Implication of our technological species being first and early by Daniel P. Whitmire, International Journal of Astrobiology, online 03 Aug 2017 (+alternate with author's summary).
The Implications of Cosmic Silence, University of Arkansas (+Newswise), 11 Aug 2017.
Gaia has more about the longterm fate of living planets.
Milky Way's Origins Are Not What They Seem, by M. Fellman, Northwestern University (+Newswise), 26 Jul 2017.
Given how much of the matter out of which we formed may have come from other galaxies, we could consider ourselves space travelers or extragalactic immigrants.
Methicillin-resistant Staphylococcus aureus emerged long before the introduction of methicillin into clinical practice by Catriona P. Harkins et al., doi:10.1186/s13059-017-1252-9, Genome Biology, 20 Jul 2017.
Methicillin resistance was out there before methicillin, Nature Research Highlights, 24 Jul 2017.
...MRSA Genesis Occurred Years Before Clinical Introduction of Methicillin, GenomeWeb, 21 Jul 2017.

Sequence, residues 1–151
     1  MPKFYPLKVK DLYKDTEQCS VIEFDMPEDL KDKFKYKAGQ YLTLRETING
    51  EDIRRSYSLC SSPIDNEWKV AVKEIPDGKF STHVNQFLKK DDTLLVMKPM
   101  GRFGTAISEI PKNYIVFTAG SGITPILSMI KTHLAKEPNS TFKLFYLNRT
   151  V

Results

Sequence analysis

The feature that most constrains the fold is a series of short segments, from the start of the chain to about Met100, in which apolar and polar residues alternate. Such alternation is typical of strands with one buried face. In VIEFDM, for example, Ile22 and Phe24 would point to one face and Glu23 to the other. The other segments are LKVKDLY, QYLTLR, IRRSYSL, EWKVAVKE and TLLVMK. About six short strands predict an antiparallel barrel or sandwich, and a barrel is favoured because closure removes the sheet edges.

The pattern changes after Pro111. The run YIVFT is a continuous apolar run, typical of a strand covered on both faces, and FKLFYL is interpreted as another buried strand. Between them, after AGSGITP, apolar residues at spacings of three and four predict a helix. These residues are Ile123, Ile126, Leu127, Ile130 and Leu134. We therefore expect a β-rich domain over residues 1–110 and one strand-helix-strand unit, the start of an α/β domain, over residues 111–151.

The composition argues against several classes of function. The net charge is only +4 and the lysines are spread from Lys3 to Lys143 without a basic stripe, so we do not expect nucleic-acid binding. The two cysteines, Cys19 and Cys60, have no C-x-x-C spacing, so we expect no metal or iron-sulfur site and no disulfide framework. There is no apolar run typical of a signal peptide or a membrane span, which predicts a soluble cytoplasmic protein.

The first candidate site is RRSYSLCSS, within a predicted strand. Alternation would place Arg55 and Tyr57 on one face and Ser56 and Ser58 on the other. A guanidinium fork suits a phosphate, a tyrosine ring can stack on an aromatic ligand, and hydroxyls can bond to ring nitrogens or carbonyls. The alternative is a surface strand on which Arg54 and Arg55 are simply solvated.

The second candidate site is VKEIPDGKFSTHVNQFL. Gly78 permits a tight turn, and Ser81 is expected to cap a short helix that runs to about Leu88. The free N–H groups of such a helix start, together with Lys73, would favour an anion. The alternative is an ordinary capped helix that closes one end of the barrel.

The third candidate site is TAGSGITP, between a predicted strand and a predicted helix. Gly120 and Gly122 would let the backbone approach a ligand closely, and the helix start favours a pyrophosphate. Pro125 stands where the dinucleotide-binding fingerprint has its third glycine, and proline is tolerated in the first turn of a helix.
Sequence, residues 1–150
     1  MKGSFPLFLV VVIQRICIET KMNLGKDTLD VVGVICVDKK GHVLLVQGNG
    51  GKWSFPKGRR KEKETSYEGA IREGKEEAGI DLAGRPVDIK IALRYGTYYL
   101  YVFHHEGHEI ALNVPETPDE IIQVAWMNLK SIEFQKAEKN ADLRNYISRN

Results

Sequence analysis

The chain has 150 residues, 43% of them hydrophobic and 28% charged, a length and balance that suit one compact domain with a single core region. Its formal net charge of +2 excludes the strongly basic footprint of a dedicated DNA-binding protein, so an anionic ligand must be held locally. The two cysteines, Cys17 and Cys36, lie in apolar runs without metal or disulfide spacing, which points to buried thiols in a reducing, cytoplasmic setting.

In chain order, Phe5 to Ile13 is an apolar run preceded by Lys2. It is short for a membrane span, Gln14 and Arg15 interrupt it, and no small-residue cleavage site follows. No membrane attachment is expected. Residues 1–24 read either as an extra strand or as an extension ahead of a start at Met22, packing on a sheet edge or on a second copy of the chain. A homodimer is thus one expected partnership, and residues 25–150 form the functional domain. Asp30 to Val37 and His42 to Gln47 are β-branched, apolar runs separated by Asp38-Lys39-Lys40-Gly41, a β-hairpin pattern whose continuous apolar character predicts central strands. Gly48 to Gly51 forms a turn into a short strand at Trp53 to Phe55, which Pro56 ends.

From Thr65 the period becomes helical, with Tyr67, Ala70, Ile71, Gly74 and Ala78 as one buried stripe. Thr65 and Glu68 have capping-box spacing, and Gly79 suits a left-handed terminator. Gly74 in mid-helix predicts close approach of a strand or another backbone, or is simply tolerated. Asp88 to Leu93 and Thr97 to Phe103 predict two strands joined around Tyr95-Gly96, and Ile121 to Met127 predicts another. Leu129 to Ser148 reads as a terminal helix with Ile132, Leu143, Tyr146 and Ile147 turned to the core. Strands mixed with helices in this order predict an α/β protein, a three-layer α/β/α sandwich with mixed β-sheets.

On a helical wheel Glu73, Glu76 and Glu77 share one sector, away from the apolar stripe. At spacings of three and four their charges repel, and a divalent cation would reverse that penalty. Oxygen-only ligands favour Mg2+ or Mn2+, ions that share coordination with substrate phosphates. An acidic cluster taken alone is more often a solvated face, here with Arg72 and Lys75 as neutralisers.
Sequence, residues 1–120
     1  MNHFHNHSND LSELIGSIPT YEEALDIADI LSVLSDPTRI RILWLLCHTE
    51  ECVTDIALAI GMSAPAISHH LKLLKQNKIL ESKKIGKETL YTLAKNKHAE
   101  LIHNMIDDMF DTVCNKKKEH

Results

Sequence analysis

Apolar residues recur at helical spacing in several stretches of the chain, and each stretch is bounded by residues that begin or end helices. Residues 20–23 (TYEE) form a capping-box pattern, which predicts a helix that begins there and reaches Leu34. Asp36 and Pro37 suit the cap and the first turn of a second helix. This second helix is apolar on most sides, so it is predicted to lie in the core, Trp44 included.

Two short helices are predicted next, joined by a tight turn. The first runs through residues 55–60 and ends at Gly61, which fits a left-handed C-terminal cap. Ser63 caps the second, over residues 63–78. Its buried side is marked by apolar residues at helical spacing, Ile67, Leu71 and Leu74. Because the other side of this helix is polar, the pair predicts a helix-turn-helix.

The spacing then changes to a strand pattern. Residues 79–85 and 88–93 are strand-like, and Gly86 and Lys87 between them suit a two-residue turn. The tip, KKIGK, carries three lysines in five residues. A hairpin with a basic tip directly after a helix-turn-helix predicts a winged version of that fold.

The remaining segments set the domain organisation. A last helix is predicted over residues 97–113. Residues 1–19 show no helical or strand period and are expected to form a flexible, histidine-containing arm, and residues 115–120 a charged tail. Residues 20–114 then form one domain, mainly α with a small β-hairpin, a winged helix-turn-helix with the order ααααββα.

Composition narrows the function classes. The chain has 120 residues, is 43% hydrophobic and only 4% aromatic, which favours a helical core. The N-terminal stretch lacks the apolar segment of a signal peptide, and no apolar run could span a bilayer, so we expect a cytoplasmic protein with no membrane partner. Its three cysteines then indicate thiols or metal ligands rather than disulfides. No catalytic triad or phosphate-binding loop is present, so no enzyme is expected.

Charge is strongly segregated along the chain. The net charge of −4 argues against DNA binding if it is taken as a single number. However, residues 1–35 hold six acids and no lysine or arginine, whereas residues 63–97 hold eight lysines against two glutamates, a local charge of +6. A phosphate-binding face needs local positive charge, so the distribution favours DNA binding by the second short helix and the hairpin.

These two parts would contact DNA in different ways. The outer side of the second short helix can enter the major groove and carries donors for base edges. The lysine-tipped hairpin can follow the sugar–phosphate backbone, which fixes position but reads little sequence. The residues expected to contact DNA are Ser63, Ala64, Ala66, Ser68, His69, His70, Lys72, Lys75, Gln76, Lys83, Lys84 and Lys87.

Metazoan Genes Older Than Metazoa? and Genes Older Than Earth? are related local webpages.
It apears that there is much more cometary material in the Oort Cloud than previously known. Their orbits place these large comets in interstellar space, where they might stray to and from orbits around other nearby stars. This traffic would increase the likelihood of interstellar panspermia.
Large, Distant Comets More Common Than Previously Thought, Jet Propulsion Laboratory, NASA, 25 Jul 2017.
Debiasing the NEOWISE Cryogenic Mission Comet Populations by James M. Bauer et al., n 2, v 154, The Astronomical Journal, 14 Jul 2017.
Comets: The Delivery System has more. Thanks, George Nickas.
Systematic identification and characterization of regulatory elements derived from human endogenous retroviruses by Ito J, Sugimoto R, Nakaoka H, Yamada S, Kimura T, Hayano T, et al., doi:10.1371/journal.pgen.1006883, PLoS Genet, uncorrected proof online 12 Jul 2017.
Viruses... has much more about HGT. Robust Software Management is incomplete.
The [bacterial] immunity system works just as efficiently as ours, except our system functions at the protein recognition level, whereas CRISPR works at the nucleic acid recognition level — Ailong Ke, professor of molecular biology and genetics, Cornell UniversityBringing bacteria's defense into focus by Bill Steele, Cornell Chronicle (+Newswise), 30 Jun 2017; re:
Structure Basis for Directional R-loop Formation and Substrate Handover Mechanisms in Type I CRISPR-Cas System by Yibei Xiao et al., doi:10.1016/j.cell.2017.06.012, Cell, 29 Jun 2017.
The image shows an aerogel array for collecting dust on NASA's Stardust mission.
Thanks, Chandra Wickramasinghe and Martin Langford.